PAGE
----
MZ: It seems that, even though you were at Sacramento State [as a student from 1950 to 1953], there was a very active audience or interest in art at that time.
WT: We were quite lucky, because there were some people very early on that came here and established, particularly at Sacramento City College, some serious investigations and promotions of the art department in particular. I was fortunate enough to be hired there for my first teaching job. That was my introduction to teaching and the whole process there. But they’ve always been a fairly active group, developing scholarships and sending a lot of people to places like Chouinard Art Institute and Art Center and other places. So it was a fairly lively scene and we tried to keep it that way by artist’s cooperative galleries and development of those kinds of things.
MZ: You have mentioned that there are some “marvelous reasons for doing prints.” What are they?
WT: One is the notion, obviously, of transposing, where you take a very active, colorful painting and attempt to turn it into black and white and into different sizes, different mediums. This has always been very, very interesting to me. And along with that are the surprises where you learn from printmaking, things that you didn’t know you were going to learn. Not just the idea of reversals, but the idea of resolution, how strong something can be. When you thought it was a much less strong thing, it would suddenly show up so that these kinds of sequences have a great instructional method for even something like painting and drawing, by slowing down a process. Since printmaking is a sequential process, you’re of necessity slowed down to really intersperse with some sort of critical interrogations possible.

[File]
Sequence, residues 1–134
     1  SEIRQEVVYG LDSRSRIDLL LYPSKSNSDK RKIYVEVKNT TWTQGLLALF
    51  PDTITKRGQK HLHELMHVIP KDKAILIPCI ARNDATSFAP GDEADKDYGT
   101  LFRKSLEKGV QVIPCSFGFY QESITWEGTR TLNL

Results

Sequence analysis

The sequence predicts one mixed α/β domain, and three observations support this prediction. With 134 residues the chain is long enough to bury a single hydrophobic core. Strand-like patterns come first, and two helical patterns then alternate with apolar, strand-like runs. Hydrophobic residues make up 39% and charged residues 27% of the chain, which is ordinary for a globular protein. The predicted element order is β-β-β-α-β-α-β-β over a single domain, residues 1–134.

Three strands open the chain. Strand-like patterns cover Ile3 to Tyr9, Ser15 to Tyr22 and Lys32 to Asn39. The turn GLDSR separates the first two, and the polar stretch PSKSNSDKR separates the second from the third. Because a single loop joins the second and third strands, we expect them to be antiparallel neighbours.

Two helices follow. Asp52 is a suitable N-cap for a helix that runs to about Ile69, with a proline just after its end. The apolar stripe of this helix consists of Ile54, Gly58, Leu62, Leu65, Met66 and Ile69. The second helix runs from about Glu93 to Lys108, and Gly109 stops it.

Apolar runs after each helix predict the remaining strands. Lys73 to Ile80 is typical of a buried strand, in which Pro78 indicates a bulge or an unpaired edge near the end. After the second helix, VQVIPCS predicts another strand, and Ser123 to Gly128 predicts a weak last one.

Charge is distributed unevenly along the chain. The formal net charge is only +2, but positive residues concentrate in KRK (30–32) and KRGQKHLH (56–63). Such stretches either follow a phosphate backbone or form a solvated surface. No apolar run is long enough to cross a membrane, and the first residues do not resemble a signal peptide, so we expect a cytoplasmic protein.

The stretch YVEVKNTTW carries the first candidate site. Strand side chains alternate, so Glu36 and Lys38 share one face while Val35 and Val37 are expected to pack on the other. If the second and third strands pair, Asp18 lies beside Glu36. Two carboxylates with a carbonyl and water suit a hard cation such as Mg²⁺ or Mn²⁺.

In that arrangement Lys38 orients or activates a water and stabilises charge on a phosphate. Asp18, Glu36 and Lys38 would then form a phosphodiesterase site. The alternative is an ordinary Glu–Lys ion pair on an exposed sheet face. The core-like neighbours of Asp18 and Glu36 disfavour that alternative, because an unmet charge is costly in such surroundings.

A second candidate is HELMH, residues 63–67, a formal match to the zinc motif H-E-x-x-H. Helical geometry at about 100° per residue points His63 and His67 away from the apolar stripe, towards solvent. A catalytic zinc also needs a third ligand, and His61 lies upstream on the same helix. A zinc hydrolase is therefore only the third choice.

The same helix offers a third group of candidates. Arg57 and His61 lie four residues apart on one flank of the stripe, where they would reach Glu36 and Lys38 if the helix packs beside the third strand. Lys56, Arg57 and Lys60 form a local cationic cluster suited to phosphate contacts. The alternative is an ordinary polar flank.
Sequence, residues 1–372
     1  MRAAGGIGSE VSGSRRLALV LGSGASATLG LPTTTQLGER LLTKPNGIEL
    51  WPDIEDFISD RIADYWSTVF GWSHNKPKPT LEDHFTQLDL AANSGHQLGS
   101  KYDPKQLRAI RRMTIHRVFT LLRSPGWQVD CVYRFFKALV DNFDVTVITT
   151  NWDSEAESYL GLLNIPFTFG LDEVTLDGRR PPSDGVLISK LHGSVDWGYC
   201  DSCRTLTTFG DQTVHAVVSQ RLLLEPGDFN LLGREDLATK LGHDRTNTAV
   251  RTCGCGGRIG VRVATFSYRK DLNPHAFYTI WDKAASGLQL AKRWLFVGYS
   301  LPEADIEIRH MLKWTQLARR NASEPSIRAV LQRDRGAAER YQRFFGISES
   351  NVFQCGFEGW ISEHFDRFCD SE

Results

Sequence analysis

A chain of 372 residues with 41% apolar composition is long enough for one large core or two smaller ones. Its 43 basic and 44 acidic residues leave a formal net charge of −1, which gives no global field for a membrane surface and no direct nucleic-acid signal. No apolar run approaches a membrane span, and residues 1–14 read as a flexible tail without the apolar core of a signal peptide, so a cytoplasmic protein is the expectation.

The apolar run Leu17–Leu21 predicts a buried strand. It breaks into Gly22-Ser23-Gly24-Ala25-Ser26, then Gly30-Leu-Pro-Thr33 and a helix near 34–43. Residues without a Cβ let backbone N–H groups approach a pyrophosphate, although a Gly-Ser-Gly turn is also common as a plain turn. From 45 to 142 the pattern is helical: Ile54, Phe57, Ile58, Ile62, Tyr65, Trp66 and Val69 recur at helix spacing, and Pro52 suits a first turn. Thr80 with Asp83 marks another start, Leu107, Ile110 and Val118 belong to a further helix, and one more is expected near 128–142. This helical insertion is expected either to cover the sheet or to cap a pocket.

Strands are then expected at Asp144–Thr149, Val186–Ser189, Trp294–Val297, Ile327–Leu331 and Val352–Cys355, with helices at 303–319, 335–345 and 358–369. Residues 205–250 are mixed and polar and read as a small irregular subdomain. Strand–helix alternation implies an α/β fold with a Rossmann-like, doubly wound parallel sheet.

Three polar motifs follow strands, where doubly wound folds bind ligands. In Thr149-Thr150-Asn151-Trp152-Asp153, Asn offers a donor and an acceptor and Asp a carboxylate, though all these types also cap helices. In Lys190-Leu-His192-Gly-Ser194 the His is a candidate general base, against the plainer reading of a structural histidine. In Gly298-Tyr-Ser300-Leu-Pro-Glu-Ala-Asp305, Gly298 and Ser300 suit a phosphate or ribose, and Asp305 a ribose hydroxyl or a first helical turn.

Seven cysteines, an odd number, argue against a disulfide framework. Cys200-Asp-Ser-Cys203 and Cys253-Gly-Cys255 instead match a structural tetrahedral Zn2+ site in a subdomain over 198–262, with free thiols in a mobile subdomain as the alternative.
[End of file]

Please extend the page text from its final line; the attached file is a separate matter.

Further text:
Wayne Thiebaud, Steep Street, 1989. Spit-bite aquatint and drypoint etching. 39 x 30-1/4 inches
More important, maybe, is the idea that each medium has its unique and very special beauty or effectiveness. There’s nothing quite like that beautiful, velvet lie of a really fully-worked-on drypoint, where you really just scrape up that copper and that featherly edge that catches this marvelous amount of ink, and it almost lays on top of this process. You develop lithography in a lot of different ways.
MZ: So when you’re taking a subject and then revisiting it in a different print medium, you are really rethinking the entire image?
WT: Yes, it’ll make you rethink it, unless you’re just into some sort of one-to-one duplicating process, which doesn’t interest me much at all. It’s that experiment and research potential that gives you these surprising options and sometimes disparate results.
MZ: I know you’ve spoken very eloquently of the painters who have influenced you over the years. I know your love of [Italian painter and printmaker Giorgio] Morandi and [Polish-French modern artist] Balthus. Were there any particular printmakers that you looked to when you were trying to solve printmaking problems? Did you look at the great master printmakers?